Relay shield for arduino problems

Thread Starter

Killerbee65

Joined May 15, 2017
243
I would not but only because of concerns as to what the motor current draw is and how much current can be drawn on they pin also if this is a small brush type motor the noise it would put in the system. I am not saying it won't work. If this is a 5 volt motor with a low current draw it will likely work. Since I have not read every post and if the motor specs were covered I don't know them, sorry. Anyway will it work? Likely if the motor has the right specs. Will I suggest doing it? No, but only for the reasons stated.

Ron

Here's the link to the motors I use:
Cylewet 2Pcs Gear Motor Dual Shaft for Smart Car Robot Arduino (Pack of 2) CYT1037 https://www.amazon.com/dp/B01N9MS3UZ/ref=cm_sw_r_cp_apa_i_KyQCEbXSND0RP
 

djsfantasi

Joined Apr 11, 2010
6,811
So questio

Could I possibly hook up the 5v pin to NO and connect one motor connection to COM and the other to the corresponding points on the board? (7, 6, 4, 5)
Nope.

The corresponding points on the board are used to switch the four relays on and off.

Personally, I’d connect the 5V pin to common. And the NO pin of each relay to each motor.

As I described in post #23, the other motor connection would go to ground.

I can’t see the schematic, but the pins 7,6,4,5 would go to input pins on the relay shield. Actually, since it’s a shield, I expect those pins to be wired already.

UPDATE: There apparently is a lot of missing understanding on your part. And I am struggling to explain it to you.

Things like:
  • The definition of Arduino pins
  • What is the definition of a shield
  • Arduino/shield power requirements
  • Relay power requirenents
  • Load (motor) power requirements
  • How to switch a load with a relay
  • How to control a relay on a relay shield
  • How to protect against back EMF of a motor
  • ...
Get an idea of the challenges I face explaining this to you?

Sorry, after reviewing this list, I don’t think I can help. I’ll still follow your thread. But hopefully someone can explain to you how you should proceed.
 
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Thread Starter

Killerbee65

Joined May 15, 2017
243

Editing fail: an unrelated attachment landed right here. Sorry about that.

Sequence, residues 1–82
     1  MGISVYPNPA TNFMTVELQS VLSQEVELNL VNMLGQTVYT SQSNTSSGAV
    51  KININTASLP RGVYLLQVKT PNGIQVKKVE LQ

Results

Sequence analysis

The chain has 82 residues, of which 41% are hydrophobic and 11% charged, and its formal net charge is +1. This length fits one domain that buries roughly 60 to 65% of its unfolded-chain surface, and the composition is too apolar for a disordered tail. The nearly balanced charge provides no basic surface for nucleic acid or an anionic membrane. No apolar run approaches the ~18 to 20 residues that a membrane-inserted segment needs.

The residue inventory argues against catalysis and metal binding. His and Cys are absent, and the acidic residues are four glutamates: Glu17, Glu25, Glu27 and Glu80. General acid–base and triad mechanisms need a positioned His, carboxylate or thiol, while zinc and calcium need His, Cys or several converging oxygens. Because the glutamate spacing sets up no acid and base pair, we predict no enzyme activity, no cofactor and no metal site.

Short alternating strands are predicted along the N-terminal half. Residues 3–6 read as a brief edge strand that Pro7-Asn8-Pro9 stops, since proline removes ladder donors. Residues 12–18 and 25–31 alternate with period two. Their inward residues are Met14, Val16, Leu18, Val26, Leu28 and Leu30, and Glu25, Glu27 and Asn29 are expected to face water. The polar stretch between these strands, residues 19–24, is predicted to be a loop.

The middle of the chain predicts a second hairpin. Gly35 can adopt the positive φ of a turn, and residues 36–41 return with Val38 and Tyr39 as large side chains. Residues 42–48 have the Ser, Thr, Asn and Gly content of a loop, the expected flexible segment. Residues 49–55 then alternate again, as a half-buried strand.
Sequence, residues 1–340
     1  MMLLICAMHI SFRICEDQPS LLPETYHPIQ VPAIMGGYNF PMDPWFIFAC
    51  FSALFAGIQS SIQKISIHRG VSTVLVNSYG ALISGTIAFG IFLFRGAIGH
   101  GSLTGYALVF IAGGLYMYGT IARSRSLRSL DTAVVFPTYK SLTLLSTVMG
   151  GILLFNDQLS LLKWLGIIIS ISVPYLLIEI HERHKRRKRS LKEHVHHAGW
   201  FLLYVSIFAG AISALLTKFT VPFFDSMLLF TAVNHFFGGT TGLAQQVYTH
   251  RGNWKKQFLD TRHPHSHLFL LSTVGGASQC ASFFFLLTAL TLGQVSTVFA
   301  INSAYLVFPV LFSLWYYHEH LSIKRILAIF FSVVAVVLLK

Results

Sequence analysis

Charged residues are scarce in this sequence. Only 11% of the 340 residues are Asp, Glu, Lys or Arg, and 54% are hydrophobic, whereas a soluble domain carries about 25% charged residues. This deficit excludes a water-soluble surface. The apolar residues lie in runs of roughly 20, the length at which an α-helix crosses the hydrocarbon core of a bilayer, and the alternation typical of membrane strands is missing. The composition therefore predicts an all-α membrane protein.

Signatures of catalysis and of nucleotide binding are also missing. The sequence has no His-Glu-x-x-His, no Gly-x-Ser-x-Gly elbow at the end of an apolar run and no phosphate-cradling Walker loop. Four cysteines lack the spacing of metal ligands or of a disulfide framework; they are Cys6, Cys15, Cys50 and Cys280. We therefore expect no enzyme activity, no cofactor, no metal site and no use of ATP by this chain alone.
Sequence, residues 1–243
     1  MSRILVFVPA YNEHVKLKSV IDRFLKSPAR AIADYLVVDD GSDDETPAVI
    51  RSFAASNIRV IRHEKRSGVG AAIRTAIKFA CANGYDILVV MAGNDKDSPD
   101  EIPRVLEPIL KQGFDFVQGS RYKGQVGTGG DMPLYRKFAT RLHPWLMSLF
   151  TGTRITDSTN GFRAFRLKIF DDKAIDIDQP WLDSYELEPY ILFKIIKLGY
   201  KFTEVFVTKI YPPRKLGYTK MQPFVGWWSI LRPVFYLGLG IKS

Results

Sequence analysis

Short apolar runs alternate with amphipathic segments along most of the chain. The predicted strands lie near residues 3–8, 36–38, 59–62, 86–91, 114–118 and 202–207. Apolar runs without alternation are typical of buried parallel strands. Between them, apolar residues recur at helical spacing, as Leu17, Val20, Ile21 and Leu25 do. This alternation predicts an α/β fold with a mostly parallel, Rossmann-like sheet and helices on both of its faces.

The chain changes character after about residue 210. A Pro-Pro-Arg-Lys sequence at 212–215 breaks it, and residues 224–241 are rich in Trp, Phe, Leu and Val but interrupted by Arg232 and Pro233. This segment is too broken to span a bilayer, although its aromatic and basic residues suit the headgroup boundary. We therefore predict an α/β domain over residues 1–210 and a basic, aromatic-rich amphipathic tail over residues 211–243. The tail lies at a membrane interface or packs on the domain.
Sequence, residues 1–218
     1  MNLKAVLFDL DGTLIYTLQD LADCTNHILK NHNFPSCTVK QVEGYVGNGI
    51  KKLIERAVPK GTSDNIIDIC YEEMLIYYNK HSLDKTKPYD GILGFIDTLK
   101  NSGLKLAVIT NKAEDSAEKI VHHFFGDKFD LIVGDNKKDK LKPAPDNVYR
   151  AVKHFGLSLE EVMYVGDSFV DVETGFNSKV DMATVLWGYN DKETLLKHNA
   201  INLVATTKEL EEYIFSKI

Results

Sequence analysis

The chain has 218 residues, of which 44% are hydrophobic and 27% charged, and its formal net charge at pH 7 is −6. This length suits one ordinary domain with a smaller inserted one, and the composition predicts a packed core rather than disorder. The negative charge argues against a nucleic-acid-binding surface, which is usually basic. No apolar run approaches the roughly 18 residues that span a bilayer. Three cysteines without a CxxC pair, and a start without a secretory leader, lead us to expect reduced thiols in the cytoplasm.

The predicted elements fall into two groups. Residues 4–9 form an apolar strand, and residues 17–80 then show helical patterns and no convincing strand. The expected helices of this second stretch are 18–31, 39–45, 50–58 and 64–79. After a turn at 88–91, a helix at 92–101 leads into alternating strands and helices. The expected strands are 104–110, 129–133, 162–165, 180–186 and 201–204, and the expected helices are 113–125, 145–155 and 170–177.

Nope.

The corresponding points on the board are used to switch the four relays on and off.

Personally, I’d connect the 5V pin to common. And the NO pin of each relay to each motor.

As I described in post #23, the other motor connection would go to ground.




I can’t see the schematic, but the pins 7,6,4,5 would go to input pins on the relay shield. Actually, since it’s a shield, I expect those pins to be wired already.

UPDATE: There apparently is a lot of missing understanding on your part. And I am struggling to explain it to you.

Things like:
  • The definition of Arduino pins
  • What is the definition of a shield
  • Arduino/shield power requirements
  • Relay power requirenents
  • Load (motor) power requirements
  • How to switch a load with a relay
  • How to control a relay on a relay shield
  • How to protect against back EMF of a motor
  • ...
Get an idea of the challenges I face explaining this to you?

Sorry, after reviewing this list, I don’t think I can help. I’ll still follow your thread. But hopefully someone can explain to you how you should proceed.
The only things I have trouble following are the last 4 points you made, I actually tried to look it up and it was the same situation, nothing could really give me a "dumbed down" version :).

The only things I have trouble following are the last 4 points you made, I actually tried to look it up and it was the same situation, nothing could really give me a "dumbed down" version :).
Also iv tried what you said to do in post 23 and the arduino and the shields just shot off completely
 

Reloadron

Joined Jan 15, 2015
5,646
Arduino Shields What is a Shield? Not a bad read on the use of shields.

Your motors are common hobby type brush type motors. Motors aside when you stack your Atduino Uno, battery pack and the relay board you say everything works. The relays click on and off and the relay indicator lights on the board illuminate and extinguish? That all works correct?

While your motor current isn't all that high I would power the motors from a separate source, like a 6 volt battery. Anyway before we worry about that everything I mentioned up to that point works, correct?

Ron
 

djsfantasi

Joined Apr 11, 2010
6,811
Could you provide a link to the relay shiekd
Thank you for responding, yes I have seen that the code and hardware work. The problem I am running into is that I have a recharable energy shield and I want to be able to use it as an external source to power the relay.
What do you mean by “power the relay”? Seriously... It means one thing to me but I can see that you may be thinking something else.

Do you mean providing power to the relay coil in addition/ replacement to the power supplied to the relay by the relay shield?

Or do you mean providing power to the relay contacts in order to switch power to the motors?